Kenley Jansen was supposed to be the closer, but he wasn’t summoned until the game was already closed. Pedro Báez was supposed to be one of his wingmen, but he never left the bullpen. That pretty much described the organization’s confidence in two of its strongest arms.
Nine months later, both players are still out of the picture. Neither has yet to show up at summer camp for officially undisclosed — likely medical — reasons. If the season began today, the closer likely would be offseason acquisition Blake Treinen, a right-hander who was one of baseball’s best closers in 2018 but lost the job in Oakland last year with a 4.91 ERA. He did well in the shadows, struggled a season later in the hot lights, so who knows?
After that, well, there is really no established “after that,” unless the Dodgers want to put Joe Kelly in that tenuous position again, Howie Kendrick nightmares be darned. Or they could hold their breath and give the ball to hard-throwing new kid Brusdar Graterol or reclamation project AJ Ramos.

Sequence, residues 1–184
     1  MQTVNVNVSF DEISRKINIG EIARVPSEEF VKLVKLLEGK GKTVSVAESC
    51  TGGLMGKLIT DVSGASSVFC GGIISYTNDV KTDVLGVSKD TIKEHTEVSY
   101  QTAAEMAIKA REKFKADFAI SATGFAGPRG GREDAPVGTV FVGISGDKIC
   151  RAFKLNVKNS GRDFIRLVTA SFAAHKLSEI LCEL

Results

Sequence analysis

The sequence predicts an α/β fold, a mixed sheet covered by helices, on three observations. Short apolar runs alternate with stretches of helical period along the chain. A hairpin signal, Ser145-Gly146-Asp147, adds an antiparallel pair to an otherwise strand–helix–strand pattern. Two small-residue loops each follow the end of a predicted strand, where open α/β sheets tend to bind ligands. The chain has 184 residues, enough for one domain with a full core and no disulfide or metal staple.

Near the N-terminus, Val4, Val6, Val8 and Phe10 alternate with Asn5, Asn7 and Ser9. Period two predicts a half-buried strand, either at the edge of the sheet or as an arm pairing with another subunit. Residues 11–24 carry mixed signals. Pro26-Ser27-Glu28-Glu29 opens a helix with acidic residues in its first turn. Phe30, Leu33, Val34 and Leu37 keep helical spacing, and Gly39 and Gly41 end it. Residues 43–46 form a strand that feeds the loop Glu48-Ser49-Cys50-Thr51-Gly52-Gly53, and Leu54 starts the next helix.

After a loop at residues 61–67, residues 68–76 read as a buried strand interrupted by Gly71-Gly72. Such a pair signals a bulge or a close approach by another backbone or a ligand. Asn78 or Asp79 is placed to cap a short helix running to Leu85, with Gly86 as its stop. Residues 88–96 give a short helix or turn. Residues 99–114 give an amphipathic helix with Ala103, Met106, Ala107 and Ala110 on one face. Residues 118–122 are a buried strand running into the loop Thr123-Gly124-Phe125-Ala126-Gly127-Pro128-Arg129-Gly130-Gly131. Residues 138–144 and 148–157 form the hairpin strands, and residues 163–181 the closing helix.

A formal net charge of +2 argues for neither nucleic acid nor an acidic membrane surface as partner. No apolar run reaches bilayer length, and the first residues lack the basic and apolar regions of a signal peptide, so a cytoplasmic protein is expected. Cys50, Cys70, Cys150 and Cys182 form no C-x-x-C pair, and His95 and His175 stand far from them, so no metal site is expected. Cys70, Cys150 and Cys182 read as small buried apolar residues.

Anyway, in a year of the new normal, the Dodgers’ closer situation is the same old, same old.
Asked if he had confidence in his bullpen, manager Dave Roberts even gave the same old answer.
“Very much so,” said Roberts. “As far as quality of arms, [I’m] really excited about these guys.”
His excitement still focuses on Jansen, even though last season was the worst of his career, eight blown saves in 41 chances with a 4.44 ERA in the second half. Jansen was so concerned about his decline that he ramped up his spring training work and was pitching in February for one of the few times in his career. So even if he comes in by this weekend, how can he be ready in time?
“It’s different in the sense of position player versus pitcher,” Roberts said, adding, “I talked to Kenley [today], he is in really good spirits, feeling good, expect to see him soon, he’s been moving around, so I think he’ll be ready.”
But, seriously, how ready?